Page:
Federal Infrastructure Funding Creates Huge Broadband Responsibilities for States

Originally published at Route Fifty.

States will receive billions to improve broadband access, but have limited experience administering broadband grant programs. Here are important priorities to consider to effectively use the money.

Upcoming infrastructure investments into broadband hold the potential to make meaningful progress in closing the digital divide. The Infrastructure Investment and Jobs Act includes $65 billion in broadband investment, of which $42.45 billion is directed toward physical network infrastructure in unserved and underserved areas of the United States. The bulk of the remaining amount is to fund the Affordable Connectivity Program, which provides a $30 monthly subsidy for qualifying households to obtain broadband connectivity at home.

While the federal government has deep experience managing broadband programs, states have only recently with the American Rescue Plan and the soon-to-be released IIJA funds been faced with the task of overseeing significant telecom infrastructure grant programs on their own.

Although many states are adept at grant administration, IIJA-funded broadband infrastructure program execution requires deep capabilities beyond what most states have in areas such as telecom network architecture, broadband technologies (e.g., fiber to the home, fixed wireless access, satellite), mapping, data analytics and network economics. Traditional state grant management programs will fall well short of meeting the program goals if they’re not appropriately augmented with such capabilities.

Key priorities for the grant program include:

  1. Developing a statewide five-year strategic plan that serves as the foundation for successful investment and fulfills the IIJA submission requirements to the National Telecommunications and Information Administration. Sample activities include:
    • Outreach to counties and cities, industry stakeholders, public safety entities, community organizations and others.
    • Identifying and analyzing demographic data, community-specific barriers to adoption, existing funding and adoption programs and specific locations that should be prioritized.
    • Analysis on how to best serve unserved locations in the eligible entity, whether through the establishment of cooperatives or public-private partnerships.
    • Documentation of the technical assistance and amount of time required to build out universal broadband service in the state.
    • Definition of the desired outcomes to support prioritization (e.g., educational attainment).
  2. Defining a grant strategy to maximize impact of the funds, including decisions like technology prioritization (e.g., fixed wireless vs. fiber), desire to impact the competitive marketplace (e.g., incumbents vs. new entrants), and specific approach to issuing grants (e.g., matching funds, reverse auctions).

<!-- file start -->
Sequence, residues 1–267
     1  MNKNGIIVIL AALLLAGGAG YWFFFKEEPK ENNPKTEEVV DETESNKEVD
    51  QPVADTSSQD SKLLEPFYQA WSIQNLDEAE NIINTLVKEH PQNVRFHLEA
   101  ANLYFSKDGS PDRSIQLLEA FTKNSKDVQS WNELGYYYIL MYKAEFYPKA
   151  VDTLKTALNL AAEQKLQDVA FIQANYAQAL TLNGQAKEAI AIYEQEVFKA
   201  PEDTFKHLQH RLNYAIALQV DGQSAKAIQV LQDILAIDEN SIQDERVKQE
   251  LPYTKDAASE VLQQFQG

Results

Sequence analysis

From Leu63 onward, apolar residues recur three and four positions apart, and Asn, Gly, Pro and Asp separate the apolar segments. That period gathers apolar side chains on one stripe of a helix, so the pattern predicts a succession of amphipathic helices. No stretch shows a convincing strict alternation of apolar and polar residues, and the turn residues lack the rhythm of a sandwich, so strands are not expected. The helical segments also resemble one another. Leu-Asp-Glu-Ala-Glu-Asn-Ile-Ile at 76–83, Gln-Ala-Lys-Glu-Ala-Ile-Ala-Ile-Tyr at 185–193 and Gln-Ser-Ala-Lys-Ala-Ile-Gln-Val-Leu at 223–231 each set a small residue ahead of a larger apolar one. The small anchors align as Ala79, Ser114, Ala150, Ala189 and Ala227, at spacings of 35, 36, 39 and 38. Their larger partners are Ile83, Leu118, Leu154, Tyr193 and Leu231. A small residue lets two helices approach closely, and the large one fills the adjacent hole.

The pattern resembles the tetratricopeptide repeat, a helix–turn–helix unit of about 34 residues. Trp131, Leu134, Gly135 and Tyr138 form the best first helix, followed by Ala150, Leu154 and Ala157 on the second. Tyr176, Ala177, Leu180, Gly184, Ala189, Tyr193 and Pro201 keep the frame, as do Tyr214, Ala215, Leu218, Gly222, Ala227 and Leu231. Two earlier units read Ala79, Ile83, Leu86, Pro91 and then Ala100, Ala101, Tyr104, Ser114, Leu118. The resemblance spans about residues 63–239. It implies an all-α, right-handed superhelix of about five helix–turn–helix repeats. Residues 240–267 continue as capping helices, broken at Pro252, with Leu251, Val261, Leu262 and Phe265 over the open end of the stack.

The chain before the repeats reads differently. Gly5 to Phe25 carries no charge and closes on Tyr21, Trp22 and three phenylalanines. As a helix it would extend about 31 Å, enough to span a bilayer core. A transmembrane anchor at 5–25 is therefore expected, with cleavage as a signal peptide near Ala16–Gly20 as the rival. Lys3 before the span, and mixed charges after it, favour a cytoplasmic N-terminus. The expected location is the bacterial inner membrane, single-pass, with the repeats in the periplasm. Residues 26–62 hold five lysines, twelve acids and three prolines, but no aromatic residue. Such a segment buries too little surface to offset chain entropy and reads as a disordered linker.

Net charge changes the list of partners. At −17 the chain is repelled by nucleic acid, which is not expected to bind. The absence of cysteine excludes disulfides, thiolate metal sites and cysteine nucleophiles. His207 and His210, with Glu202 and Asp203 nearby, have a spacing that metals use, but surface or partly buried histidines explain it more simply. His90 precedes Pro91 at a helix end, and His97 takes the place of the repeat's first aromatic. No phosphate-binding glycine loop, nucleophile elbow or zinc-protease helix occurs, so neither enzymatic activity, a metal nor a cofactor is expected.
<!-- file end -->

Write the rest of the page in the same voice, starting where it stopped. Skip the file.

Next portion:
3. Identifying and mapping underserved and unserved households and assessing the root cause (e.g., access, technical literacy) to augment Federal Communications Commission mapping activities and to ensure that the state receives the appropriate share of IIJA funds.
  4. Identifying and removing barriers to successful, fast and economical network deployments (e.g., local permitting challenges, right-of-way usage, skilled labor shortages).
  5. Developing grant applications that enable the state to gather the requisite information to assess the viability of the applicants’ business and technology plans.
  6. Evaluating applications in a comprehensive manner that allows the state to:  assess cost, schedule and technology risk; community impact; and ongoing operational viability. Performing deep follow-up engagement with applicants to challenge key assumptions and pressure test the team’s ability to execute.
  7. Implementing the required tools and processes for ongoing management of the grant program in compliance with the IIJA, NTIA’s implementation framework, state laws and other federal regulations.

The pandemic highlighted the importance of broadband in providing access to education and health care. The IIJA represents a generational investment in closing the digital divide and treating broadband like the critical utility it is. In order to capitalize on this opportunity and maximize the impact to residents, states must quickly assign responsibility (e.g., office of economic development, broadband development office), allocate sufficient funding, secure the required skills and capabilities and commence planning activities.

States should work now, if not already, to prepare a statewide strategy in anticipation of expected mid-year NTIA deadlines, and ensure they have the needed staff and requisite third-party support to fill planning and technical expertise gaps. They should also be obtaining community input, aligning on desired outcomes and prioritization methodology, answering key technology questions and working to build consensus around the statewide strategy.

By taking these steps now, states will be well positioned to expand broadband connectivity efficiently and rapidly to those desperately in need when the funding becomes available.

Read more at Route Fifty.

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